Essay Title: 

How has the birth control policy influenced one or more aspects of Chinese society in the 1990s and beyond?(family structures,education,etc)

March 17, 2016 | Author: | Posted in education, pedagogy

Impact of China ‘s Birth Control measures on its Society


The aim of this study is to examine how the China ‘s birth control measures have affected its society in respect of family structures education and other aspects in 1990 and beyond

Chinese rulers in their anxiety to accomplish their avowed objective of achieving higher per capita income , had announced in their own authoritarian style the mandatory one child norm way back in 1979 /80

Case for one-child policy

In an open letter to the members of Communist Party and [banner_entry_middle]

Chinese Communist Youth League on Controlling Population Growth , on September 25 , 1980 , Central Committee of the Chinese Party justified the need for one-child fertility policy on the ground that population growth created scarcity in availability of food , clothing , housing transportation , education opportunities , medical care , and employment as unchecked population growth increased consumption leaving reduced or nil capital accumulation and investment . And that it could result in poor standard of living , lesser per capita income , faster depletion of natural resources besides energy , water , and forests , worsened environmental pollution . The idea behind this state birth planning rather than voluntary family planning was that scientific socialism should realise not only economic production but also social reproduction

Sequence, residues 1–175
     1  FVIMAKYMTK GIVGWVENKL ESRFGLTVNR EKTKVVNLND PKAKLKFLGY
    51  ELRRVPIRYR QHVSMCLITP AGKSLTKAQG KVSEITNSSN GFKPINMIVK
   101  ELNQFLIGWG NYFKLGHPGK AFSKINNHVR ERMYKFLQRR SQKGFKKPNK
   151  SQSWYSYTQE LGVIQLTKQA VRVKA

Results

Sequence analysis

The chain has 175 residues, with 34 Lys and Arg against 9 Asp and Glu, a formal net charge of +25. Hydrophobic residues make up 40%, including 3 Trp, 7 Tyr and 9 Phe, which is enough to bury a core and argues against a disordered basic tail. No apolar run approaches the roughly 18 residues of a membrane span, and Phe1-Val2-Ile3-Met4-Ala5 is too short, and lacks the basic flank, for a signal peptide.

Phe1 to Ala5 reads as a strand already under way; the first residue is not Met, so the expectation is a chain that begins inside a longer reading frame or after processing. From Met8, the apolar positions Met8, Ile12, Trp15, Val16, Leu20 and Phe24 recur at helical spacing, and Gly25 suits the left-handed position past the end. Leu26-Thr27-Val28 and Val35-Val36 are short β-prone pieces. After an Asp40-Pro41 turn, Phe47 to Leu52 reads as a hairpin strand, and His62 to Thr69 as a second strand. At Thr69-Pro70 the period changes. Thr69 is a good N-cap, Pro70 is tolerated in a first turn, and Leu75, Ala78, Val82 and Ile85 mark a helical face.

In late 1970s , China had actually started experimenting on one-child policy before formal implementation in early 1980s . Even then the rural families showed strong resistance and were bent upon having two children and a son . Hence urban areas only came under the focus of the implementation . For rural areas the exceptions were given for two children in cases of couples having one girl . By 1990s , the persuasion was not very strong for rural areas for one child . For urban areas too if the couples (both spouses ) are single children , they are allowed to have two children . We can say the sense of emergency is fading by the turn of the millennium , though results of the country ‘s 2000 census indicate an emergence of a crisis called `fourth peak ‘ by 2009-2014 which may call for another emergency

Human costs

The birth planning forces women to resort to practice contraception through IUDs or sterilization and in case of contraceptive failures they have to undergo mandatory abortions exposing themselves to adverse medical side effects due to unsuitable IUDs and possible messed up surgeries . As these are done by persuasion , the emotional costs also are very high . Preference to sons and limitations on number of children in rural areas renders baby girls to be aborted , concealed and abandoned adopted out and allowed to die . More over such children born secretly cannot be registered as citizens thus depriving them of education health and other benefits

A brief account of modus operandi

A Woman should apply to her work unit for age certificate on her reaching the age of 24 to become pregnant . She has to produce it before the her residence committee which then would grant her documentary permission to become pregnant . The document would entitle her to avail of… [banner_entry_footer]


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